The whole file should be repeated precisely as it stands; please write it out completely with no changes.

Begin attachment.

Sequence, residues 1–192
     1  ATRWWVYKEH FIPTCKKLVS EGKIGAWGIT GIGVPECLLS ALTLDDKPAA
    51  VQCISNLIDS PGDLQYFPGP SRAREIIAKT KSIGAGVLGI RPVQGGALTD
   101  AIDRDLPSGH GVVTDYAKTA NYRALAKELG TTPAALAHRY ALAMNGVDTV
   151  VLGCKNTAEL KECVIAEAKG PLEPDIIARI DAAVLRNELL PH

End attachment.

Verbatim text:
Sequence, residues 1–192
     1  ATRWWVYKEH FIPTCKKLVS EGKIGAWGIT GIGVPECLLS ALTLDDKPAA
    51  VQCISNLIDS PGDLQYFPGP SRAREIIAKT KSIGAGVLGI RPVQGGALTD
   101  AIDRDLPSGH GVVTDYAKTA NYRALAKELG TTPAALAHRY ALAMNGVDTV
   151  VLGCKNTAEL KECVIAEAKG PLEPDIIARI DAAVLRNELL PH